Attacks on Cryptography

Video Activity
Join over 3 million cybersecurity professionals advancing their career
Sign up with
Required fields are marked with an *
or

Already have an account? Sign In »

Time
15 hours 43 minutes
Difficulty
Advanced
CEU/CPE
16
Video Transcription
00:00
>> Let's talk about some of the attacks that are designed
00:00
to break the protection that cryptography adds.
00:00
We're going to cover these specific attacks,
00:00
and these attacks are just
00:00
>> on the cryptographic elements.
00:00
>> There are million other attacks out there but here,
00:00
we're looking at breaking the privacy, authenticity,
00:00
integrity, non-repudiation elements that are added.
00:00
The first type of attack is
00:00
called a ciphertext only attack,
00:00
and so in this instance these
00:00
are the most common because basically
00:00
what this means is that the data is encrypted,
00:00
the attacker has captured encrypted data.
00:00
Now, they want to break the encrypted data
00:00
>> and so basically what they're going to have to do
00:00
>> is do a brute force attack.
00:00
>> They don't have any additional information,
00:00
nothing's going to help them.
00:00
They just have encrypted data and good luck,
00:00
brute force, trial these different combinations,
00:00
>> do what they can.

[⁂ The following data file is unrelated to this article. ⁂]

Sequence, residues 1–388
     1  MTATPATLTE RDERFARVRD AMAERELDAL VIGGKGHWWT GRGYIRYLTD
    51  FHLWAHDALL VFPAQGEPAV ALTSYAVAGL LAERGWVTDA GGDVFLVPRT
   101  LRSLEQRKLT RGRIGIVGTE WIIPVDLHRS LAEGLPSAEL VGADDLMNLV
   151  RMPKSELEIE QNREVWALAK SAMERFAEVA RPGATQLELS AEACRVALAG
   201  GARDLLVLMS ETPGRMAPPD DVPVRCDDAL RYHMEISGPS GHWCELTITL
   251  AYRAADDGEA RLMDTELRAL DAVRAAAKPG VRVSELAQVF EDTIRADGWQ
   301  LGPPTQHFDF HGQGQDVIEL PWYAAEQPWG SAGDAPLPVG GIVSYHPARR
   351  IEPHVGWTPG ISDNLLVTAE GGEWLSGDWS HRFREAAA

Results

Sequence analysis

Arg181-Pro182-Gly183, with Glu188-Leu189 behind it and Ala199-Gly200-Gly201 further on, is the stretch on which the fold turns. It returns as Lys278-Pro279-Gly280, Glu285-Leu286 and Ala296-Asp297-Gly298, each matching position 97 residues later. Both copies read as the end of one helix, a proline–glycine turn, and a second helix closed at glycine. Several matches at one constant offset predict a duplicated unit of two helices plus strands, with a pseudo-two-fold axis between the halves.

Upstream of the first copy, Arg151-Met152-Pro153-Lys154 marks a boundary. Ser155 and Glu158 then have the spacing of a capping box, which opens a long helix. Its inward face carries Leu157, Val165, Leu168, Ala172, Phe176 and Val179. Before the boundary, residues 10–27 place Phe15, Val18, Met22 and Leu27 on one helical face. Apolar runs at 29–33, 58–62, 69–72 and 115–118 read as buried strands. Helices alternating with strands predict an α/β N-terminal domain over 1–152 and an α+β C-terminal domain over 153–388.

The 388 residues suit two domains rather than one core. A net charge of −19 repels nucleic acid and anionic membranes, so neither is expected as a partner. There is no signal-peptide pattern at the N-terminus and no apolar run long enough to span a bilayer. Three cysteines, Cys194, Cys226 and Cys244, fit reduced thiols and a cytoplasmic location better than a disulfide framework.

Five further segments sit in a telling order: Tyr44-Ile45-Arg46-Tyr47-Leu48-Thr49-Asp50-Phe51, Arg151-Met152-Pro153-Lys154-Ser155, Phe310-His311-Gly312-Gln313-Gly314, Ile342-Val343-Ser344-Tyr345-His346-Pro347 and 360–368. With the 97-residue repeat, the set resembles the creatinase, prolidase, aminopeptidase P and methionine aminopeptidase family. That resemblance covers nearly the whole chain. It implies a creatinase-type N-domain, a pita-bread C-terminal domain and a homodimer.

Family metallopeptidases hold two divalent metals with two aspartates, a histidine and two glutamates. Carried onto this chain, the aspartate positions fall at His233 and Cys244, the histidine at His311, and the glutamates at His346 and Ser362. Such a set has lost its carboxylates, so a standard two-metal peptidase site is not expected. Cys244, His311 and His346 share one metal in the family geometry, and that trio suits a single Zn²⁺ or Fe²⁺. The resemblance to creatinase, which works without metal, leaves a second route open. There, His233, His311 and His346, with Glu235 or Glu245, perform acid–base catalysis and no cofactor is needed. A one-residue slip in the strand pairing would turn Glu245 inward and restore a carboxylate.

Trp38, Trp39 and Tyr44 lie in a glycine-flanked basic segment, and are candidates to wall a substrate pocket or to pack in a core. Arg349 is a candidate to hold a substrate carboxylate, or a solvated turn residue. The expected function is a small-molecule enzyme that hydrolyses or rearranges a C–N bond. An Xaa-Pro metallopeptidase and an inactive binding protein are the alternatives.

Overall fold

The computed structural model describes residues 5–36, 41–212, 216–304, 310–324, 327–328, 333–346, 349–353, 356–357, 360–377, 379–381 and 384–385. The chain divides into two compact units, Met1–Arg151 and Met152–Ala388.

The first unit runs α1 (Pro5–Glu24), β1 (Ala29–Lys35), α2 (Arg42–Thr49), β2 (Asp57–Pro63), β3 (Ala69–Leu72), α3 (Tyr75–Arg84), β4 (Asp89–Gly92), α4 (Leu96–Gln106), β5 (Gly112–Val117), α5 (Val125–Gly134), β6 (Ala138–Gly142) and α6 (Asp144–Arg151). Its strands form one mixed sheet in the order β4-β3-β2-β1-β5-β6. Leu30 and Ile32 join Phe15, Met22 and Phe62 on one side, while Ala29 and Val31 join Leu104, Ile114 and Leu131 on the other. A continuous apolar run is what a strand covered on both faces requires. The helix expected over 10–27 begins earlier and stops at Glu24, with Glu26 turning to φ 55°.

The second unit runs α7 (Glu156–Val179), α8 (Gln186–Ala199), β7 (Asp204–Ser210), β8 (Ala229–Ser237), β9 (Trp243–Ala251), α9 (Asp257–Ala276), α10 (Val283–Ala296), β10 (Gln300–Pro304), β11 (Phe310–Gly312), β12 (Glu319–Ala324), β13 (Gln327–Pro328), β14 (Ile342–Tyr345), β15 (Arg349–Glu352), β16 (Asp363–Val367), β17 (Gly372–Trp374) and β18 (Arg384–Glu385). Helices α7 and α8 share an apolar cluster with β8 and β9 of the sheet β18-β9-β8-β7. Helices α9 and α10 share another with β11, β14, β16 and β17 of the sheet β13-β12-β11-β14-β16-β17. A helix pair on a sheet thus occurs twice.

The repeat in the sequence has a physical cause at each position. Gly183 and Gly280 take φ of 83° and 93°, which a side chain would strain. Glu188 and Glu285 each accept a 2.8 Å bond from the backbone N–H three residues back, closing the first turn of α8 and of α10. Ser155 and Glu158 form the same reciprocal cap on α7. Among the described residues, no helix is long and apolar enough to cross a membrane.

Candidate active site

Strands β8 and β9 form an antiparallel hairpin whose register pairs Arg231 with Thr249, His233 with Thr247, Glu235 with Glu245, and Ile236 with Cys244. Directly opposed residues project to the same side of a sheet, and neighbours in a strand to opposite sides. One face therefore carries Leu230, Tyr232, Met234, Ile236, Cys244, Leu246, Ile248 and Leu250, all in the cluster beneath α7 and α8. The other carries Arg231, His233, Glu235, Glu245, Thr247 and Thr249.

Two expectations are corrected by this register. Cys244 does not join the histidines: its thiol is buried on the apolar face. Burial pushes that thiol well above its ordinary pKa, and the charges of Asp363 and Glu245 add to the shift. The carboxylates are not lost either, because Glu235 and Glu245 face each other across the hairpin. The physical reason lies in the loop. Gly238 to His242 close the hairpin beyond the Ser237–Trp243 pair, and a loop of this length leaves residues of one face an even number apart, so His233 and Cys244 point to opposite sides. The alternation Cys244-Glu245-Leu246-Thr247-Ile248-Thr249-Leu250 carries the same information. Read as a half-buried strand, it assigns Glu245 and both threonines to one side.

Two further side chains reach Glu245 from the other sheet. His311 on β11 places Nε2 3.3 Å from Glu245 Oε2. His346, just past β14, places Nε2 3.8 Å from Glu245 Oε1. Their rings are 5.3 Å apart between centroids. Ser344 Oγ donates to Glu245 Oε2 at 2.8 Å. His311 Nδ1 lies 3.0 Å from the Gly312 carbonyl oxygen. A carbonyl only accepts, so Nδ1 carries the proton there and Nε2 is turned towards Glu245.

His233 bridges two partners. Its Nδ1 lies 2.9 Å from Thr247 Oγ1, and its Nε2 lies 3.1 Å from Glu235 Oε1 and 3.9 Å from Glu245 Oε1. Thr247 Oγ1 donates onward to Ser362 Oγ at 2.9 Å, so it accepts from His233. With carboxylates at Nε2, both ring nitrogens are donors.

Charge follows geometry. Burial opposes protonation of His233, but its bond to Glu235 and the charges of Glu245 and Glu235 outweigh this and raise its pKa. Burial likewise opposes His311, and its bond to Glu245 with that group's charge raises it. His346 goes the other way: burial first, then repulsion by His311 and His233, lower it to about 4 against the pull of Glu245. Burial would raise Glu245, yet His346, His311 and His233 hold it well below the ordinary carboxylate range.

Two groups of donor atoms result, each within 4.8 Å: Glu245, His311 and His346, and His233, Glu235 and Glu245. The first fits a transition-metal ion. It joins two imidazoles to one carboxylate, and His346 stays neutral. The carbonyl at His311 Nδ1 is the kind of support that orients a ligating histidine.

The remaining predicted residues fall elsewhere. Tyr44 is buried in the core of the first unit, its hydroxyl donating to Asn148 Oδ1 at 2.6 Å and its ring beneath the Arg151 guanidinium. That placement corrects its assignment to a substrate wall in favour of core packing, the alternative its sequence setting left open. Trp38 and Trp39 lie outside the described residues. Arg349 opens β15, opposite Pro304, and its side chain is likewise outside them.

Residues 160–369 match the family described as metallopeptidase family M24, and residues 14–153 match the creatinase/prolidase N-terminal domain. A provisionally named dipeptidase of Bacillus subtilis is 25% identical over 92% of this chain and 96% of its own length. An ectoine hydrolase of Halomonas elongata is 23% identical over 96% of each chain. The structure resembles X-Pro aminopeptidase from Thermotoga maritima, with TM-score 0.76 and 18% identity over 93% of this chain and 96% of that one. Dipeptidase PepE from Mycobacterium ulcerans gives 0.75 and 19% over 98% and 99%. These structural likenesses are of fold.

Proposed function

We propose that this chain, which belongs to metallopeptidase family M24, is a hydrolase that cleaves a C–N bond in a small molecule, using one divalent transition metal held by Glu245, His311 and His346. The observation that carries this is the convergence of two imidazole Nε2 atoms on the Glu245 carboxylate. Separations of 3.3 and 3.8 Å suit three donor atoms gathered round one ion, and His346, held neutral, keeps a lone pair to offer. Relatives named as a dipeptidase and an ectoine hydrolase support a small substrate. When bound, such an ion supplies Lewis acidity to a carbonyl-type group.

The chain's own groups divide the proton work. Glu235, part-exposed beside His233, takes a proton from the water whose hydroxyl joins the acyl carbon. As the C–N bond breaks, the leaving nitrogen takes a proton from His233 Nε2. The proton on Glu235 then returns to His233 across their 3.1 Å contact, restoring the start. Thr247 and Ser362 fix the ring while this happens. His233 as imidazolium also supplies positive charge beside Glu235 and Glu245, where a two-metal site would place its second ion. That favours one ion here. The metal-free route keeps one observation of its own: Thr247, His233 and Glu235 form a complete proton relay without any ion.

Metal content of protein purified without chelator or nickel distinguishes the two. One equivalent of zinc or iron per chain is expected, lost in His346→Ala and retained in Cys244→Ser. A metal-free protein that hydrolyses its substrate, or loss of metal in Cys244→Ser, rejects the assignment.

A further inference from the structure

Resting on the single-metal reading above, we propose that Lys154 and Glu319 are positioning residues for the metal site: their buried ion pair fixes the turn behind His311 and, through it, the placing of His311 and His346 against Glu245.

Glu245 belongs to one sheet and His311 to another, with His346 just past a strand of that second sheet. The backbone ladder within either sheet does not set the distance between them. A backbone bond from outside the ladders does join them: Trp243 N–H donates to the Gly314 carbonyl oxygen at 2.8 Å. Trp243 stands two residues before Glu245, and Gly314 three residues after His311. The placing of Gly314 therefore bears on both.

00:00
>> Now, one of the things to
00:00
know is that the more the attacker knows
00:00
>> about what exists in plain text and encrypted text,
00:00
>> the closer they are to breaking the algorithm.
00:00
The next attack, a known plain text attack,
00:00
assumes the attacker knows,
00:00
has captured the text in encrypted format
00:00
but he also knows
00:00
some elements of that text in a plain text.
00:00
For instance,
00:00
>> how many of you have an automatic signature?
00:00
>> Well, that automatic signature doesn't change.
00:00
Every single message,
00:00
your messages are signed the same way.
00:00
An attacker that captures your message,
00:00
they may have no idea what the content is,
00:00
but they know what your message
00:00
>> or they may know
00:00
>> what your message looks like in plain text,
00:00
>> and then they can see what it looks like in
00:00
an encryption or once it's been encrypted.
00:00
Being able to compare the two,
00:00
may give an attacker an indication
00:00
of what the algorithm does and if you'll remember,
00:00
this is what the Allies used to crack
00:00
>> the Enigma machine.
00:00
>> If you'll remember, the Allies
00:00
were able to determine that all the messages
00:00
>> that were encrypted with the Enigma machines
00:00
>> sent to soldiers on the field,
00:00
they all began with the day's date
00:00
>> and they all ended with the phrase Hail Hitler.
00:00
>> Even though the messages they captured,
00:00
they saw encrypted text,
00:00
they knew what the first entry of the message was,
00:00
and they knew what the last one was
00:00
and they were able to build out from there
00:00
>> and start to see the relationship from day to day,
00:00
>> how the same information looked.
00:00
So if you just have a little portion of information,
00:00
you can build outwards
00:00
>> and start working on breaking the cryptosystem.
00:00
>> It's a lot more than just trying to decipher
00:00
>> or to decode a specific piece of text.
00:00
>> Here, we're talking about breaking the cryptosystem.
00:00
I'm talking about being abl
00:00
>> to decrypt anything that you encrypt.
00:00
>> Now, thin text attack
00:00
doesn't mean it's going to be easy,
00:00
doesn't mean I'll be successful,
00:00
but I'm further along than I am
00:00